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A federal appeals court rejected an effort by women diagnosed with pseudotumor cerebri (PTC) to reinstate lawsuits against the makers of the Mirena IUD, affirming the dismissal of hundreds of claims alleging the birth control implant may cause a dangerous buildup of fluid pressure in the brain.
The Mirena IUD is a small, t-shaped device that is placed into the uterus to provide long-term protection against pregnancy for up to five years. The polyethylene frame contains a steroid reservoir that releases levonorgestrel, which is a second generation progestin, which has been linked to a pseudotumor cerebri risk in other forms of birth control.
According to allegations raised in Mirena IUD lawsuits filed in prior years, Bayer withheld warnings and information for women and the medical community about the importance of monitoring women for symptoms of the buildup of fluid pressure in the brain, which can cause serious and permanent damage if not promptly diagnosed and treated.
Following coordinated pretrial proceedings in a federal multidistrict litigation (MDL), U.S. District Judge Paul A. Engelmayer dismissed the Mirena PTC lawsuits in June 2019, after excluding the testimony of seven expert witnesses proposed by the plaintiffs. The trial court found that the opinions were not based on sufficiently reliable science under the federal Daubert standard, leaving plaintiffs without enough evidence to establish general causation at trial.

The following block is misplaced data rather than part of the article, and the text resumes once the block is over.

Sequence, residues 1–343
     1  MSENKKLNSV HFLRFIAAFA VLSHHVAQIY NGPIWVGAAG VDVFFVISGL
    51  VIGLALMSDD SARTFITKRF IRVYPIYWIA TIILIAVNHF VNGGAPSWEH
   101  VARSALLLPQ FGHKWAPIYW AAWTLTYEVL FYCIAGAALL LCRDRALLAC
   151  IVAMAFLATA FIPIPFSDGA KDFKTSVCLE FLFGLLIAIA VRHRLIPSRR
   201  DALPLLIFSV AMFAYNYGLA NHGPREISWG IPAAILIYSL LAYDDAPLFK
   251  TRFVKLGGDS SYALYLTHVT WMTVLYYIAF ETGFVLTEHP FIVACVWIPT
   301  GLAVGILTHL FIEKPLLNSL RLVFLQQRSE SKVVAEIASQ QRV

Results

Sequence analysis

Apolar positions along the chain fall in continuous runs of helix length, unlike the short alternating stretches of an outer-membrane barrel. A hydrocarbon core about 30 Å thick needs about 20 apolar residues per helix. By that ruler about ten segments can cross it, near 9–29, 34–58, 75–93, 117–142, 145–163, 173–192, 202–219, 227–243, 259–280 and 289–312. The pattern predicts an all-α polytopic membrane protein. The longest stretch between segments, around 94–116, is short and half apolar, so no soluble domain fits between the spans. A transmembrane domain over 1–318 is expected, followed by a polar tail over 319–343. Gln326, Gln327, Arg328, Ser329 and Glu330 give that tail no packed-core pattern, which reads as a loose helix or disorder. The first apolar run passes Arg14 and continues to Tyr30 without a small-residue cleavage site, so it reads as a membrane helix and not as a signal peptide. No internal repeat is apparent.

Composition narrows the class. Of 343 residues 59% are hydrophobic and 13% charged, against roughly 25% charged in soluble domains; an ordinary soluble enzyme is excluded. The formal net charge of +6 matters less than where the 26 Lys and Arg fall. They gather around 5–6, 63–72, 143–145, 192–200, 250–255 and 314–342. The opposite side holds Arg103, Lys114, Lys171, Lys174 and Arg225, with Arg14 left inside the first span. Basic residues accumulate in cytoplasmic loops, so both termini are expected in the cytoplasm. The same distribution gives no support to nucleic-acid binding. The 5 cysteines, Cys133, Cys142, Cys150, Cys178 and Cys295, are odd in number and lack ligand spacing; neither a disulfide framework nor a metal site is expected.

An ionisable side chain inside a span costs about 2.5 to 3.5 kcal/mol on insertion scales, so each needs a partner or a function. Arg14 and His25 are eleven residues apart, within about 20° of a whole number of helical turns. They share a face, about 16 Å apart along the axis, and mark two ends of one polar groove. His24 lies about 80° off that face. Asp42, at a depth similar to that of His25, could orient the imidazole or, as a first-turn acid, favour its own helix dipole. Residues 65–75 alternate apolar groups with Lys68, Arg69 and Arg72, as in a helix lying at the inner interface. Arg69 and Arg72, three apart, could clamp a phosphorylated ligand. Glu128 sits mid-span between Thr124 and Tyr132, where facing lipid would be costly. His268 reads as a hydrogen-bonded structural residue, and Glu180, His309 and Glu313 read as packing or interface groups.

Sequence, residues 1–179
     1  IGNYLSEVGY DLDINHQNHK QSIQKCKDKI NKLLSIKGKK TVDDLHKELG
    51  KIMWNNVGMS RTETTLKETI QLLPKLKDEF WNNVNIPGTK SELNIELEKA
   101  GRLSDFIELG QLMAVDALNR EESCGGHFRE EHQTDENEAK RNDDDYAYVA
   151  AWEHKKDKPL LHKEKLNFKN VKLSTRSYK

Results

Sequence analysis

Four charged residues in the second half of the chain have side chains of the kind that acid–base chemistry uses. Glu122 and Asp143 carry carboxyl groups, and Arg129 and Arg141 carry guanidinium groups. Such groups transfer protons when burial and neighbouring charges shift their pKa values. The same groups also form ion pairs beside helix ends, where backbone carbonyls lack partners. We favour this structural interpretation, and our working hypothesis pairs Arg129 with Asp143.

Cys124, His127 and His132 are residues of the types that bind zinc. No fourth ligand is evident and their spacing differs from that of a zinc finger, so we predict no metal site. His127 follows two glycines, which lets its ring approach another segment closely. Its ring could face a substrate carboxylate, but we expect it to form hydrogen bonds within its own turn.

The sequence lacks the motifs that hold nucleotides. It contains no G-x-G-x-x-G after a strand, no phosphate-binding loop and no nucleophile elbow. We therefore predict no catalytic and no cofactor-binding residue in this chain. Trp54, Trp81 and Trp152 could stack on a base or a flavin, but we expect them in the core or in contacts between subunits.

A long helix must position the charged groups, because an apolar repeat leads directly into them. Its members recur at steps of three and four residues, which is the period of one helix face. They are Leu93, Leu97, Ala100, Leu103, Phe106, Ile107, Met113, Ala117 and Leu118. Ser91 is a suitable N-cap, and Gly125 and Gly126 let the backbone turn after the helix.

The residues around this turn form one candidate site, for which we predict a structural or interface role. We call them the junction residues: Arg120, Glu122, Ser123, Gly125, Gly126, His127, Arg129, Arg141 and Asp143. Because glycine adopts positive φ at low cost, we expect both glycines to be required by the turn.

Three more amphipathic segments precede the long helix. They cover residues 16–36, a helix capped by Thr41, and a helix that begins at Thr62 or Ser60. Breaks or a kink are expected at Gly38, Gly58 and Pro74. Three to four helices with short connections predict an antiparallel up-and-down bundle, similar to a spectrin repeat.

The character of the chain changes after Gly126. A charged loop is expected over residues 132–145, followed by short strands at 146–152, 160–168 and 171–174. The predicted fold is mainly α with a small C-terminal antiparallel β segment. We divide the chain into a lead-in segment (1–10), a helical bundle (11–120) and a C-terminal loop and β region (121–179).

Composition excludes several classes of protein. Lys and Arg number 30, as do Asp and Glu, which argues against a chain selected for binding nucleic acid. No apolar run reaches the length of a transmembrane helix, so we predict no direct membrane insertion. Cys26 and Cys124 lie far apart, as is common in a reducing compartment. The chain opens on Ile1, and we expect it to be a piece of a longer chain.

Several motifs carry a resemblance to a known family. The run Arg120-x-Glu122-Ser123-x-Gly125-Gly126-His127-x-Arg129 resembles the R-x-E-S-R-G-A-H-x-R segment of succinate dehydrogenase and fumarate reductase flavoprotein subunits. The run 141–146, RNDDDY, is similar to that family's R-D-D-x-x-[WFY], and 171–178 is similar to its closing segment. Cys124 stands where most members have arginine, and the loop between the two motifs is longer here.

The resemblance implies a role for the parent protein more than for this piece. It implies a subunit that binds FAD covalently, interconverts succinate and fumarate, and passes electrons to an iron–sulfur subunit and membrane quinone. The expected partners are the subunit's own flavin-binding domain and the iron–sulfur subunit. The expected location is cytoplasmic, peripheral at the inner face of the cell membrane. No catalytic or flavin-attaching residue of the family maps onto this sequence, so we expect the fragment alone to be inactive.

Plaintiffs appealed this decision to the U.S. Court of Appeals for the Second Circuit, arguing that the judge abused his discretion by taking the decision about the weight of the expert witness testimony out of the hands of a jury.
In an unsigned opinion (PDF) issued on Tuesday, the panel of three judges affirmed the decision, which resulted in the dismissal of nearly 1,800 lawsuits.
“In sum, the district court appropriately undertook a rigorous review of each of plaintiffs’ experts, and based on that review reasonably found that the experts’ methods were not sufficiently reliable and that their conclusions were not otherwise supported by the scientific community,” the appellate court wrote in its decision. “Accordingly, the district court did not abuse its discretion in precluding the experts’ conclusions.”
The appeals court affirmed the granting of summary judgment to Bayer, the manufacturer.